9. Birch Barlow

    What we need to do is blow up the party system entirely, not keep the pendulum swinging. The GOP is on the ropes; here’s hoping that it’s in its death throes and that the Democratic Party soon follows it.
    Then stop endorsing Rs and Ds! If you really think we’d be better off without them stop playing into their hands. They present you with a false dilemma and you buy into it. America buys into it.
    How about next time around you endorse “not voting for the R and D partisan hacks.”
    But this is only if you actually believe that sentence above that you wrote.

  10. bud

    Brad, I don’t think that’s the situation we have right now. It’s not the D or the R that’s relevant it’s the political philosophy of individual senators. In fact the situation as it exists now is not far removed from what you’ve always said we need. It’s just that what remains of the GOP is philosophically opposed to the President’s agenda. And I’m ok with that provided we don’t get all worked up worrying about the feelings of the GOP. They are an extremist organization, as determined by the makeup of it’s senators not because they happen to be Republicans. It makes to sense to regard them as relevant. The Dems will have enough trouble reaching a consensus without trying to wage endless battles trying to coax a few more Republican Senators into voting with them. The election made that strategy possible. Now it’s time for Obama to use the political capital he’s earned in the election. And what’s wrong with passing legislation with 60% of the senate? Democracy demands no less.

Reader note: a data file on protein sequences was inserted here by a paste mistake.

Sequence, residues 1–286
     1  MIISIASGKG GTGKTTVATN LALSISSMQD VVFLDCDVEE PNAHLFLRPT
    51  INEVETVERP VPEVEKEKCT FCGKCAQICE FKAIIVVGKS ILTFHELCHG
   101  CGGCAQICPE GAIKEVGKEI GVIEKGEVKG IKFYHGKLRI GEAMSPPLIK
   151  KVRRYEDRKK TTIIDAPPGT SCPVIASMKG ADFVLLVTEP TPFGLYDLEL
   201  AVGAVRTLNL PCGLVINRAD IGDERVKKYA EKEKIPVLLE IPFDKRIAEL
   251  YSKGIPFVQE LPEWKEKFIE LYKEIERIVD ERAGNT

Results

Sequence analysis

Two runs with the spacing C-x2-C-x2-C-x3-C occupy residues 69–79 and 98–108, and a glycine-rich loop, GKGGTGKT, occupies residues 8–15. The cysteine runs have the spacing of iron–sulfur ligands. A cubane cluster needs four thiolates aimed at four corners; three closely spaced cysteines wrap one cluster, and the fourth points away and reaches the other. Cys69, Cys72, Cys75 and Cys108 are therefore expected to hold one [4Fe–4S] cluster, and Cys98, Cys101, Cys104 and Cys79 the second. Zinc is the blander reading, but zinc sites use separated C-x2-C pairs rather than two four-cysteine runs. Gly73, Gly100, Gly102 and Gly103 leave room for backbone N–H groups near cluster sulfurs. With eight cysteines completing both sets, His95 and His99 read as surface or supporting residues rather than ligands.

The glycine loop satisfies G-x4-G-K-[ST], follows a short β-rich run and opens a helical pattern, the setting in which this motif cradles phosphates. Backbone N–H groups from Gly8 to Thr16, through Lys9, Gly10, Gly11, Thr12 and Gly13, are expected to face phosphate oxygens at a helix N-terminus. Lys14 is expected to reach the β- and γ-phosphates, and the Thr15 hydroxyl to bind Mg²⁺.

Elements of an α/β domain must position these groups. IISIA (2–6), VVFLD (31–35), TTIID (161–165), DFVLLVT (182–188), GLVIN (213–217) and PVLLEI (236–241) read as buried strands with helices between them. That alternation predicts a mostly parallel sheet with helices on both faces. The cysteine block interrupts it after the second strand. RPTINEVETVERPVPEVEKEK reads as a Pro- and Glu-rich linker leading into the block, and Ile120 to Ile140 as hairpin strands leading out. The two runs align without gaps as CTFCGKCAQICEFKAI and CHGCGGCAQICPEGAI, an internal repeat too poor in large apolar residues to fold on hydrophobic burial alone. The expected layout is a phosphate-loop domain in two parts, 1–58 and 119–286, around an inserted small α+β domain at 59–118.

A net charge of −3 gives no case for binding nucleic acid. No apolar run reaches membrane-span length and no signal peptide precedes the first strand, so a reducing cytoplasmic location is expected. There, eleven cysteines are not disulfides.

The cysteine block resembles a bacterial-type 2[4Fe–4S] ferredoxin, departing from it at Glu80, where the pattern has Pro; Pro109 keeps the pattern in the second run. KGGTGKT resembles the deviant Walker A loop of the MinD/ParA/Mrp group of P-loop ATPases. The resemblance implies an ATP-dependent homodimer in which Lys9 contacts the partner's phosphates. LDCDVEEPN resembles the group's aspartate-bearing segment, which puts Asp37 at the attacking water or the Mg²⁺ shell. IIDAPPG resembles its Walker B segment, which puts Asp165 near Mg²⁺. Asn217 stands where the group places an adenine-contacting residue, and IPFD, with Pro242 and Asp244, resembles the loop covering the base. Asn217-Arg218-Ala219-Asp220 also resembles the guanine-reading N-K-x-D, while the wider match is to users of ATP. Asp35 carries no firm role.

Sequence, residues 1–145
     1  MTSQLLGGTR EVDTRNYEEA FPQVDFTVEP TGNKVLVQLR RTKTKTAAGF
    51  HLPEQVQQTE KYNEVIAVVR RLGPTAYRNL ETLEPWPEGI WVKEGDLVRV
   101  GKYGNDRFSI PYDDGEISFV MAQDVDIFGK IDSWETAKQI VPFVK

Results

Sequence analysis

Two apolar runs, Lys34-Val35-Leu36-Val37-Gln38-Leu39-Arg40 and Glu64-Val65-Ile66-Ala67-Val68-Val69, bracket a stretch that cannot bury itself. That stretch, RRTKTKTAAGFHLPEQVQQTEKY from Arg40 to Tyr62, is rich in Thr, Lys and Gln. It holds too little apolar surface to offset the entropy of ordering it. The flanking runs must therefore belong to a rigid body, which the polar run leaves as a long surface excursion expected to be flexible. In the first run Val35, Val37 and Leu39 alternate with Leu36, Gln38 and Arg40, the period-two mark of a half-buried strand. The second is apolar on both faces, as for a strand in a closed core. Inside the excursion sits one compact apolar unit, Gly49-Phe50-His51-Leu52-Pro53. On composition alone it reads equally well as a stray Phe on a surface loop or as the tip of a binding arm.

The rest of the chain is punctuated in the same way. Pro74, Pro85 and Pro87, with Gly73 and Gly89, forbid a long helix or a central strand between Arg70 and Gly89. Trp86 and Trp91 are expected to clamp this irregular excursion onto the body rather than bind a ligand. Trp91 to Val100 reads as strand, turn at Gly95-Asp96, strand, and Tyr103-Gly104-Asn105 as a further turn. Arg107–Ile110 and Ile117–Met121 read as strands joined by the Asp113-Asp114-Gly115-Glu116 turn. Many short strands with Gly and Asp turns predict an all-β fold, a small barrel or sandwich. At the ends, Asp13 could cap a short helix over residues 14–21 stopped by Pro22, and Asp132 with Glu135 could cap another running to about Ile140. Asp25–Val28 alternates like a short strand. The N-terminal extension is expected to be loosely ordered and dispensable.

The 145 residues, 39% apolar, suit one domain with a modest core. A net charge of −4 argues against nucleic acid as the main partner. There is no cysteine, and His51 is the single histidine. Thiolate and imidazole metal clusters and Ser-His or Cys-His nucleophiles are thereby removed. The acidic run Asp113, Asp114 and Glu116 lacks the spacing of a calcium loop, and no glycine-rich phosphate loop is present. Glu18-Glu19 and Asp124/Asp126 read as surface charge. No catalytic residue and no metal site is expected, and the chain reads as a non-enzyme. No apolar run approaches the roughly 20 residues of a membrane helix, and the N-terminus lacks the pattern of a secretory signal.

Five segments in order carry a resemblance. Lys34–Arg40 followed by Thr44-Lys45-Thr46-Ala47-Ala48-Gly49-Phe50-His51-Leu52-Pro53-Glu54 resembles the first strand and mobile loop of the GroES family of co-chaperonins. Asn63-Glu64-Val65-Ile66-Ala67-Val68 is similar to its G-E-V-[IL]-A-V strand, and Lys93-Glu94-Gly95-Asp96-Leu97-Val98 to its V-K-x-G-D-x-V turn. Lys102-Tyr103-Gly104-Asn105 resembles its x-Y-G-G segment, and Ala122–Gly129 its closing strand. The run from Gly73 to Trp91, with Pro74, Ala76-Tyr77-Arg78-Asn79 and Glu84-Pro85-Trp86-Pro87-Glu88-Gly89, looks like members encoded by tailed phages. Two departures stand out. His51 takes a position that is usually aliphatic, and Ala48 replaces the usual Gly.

11. Weldon VII

    Nah. Both parties are full of themselves. They care about power more than principle.
    Five years down the road, if New York looks more like Mexico City than the Big Apple, remember $8 billion for high-speed rail that oozes Harry Reid from every penny.
    Remember Lindsey Graham’s permissive attitude toward illegal immigration, too.
    It’s about buying votes, not veritas.
    And we’ve started paying one heck of a price for it.
    Let’s hope it doesn’t take WWIII to solve our economic problems and get us together enough to survive.

  12. Greg Flowers

    Newspaper editors aren’t allowed to run for office, not if they want to keep on being newspaper editors.
    Brad, here is a question engendered more by curiosity than anything else: What was Bill Workman’s status when he ran for Senate in 1962. Was he employed by the State, the News and Courier or neither? (is there a way to use italics on this blog?)

  13. Herb Brasher

    Greg, you can google an html cheatsheet and come up with the commands. You do italics by preceding the text with the open italics command, which is [i] –but I have substitued [ and ] for the sideways “carat” symbols (or whatever you call those little signs on the bottom row of your keyboard over the comma and the period). You close italics with [/i]. The same with commands like blockquote. Just be sure to use the close command for each one you use. When commands are left open, they tend to continue into all the succeeding comment texts.
    This blog isn’t very sophisticated in that it doesn’t have any nice buttons to push to get these commands–you have to write out the html commands. And for me, when I post more than one link, the whole comment goes crazy and never gets posted.